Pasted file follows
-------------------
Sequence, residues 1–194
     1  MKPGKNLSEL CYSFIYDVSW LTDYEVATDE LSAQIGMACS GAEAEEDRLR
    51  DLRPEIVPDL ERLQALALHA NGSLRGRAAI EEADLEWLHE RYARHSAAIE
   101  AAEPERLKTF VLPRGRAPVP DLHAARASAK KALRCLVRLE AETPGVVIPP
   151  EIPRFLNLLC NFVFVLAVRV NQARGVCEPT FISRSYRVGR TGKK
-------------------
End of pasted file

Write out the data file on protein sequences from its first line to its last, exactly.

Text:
Sequence, residues 1–194
     1  MKPGKNLSEL CYSFIYDVSW LTDYEVATDE LSAQIGMACS GAEAEEDRLR
    51  DLRPEIVPDL ERLQALALHA NGSLRGRAAI EEADLEWLHE RYARHSAAIE
   101  AAEPERLKTF VLPRGRAPVP DLHAARASAK KALRCLVRLE AETPGVVIPP
   151  EIPRFLNLLC NFVFVLAVRV NQARGVCEPT FISRSYRVGR TGKK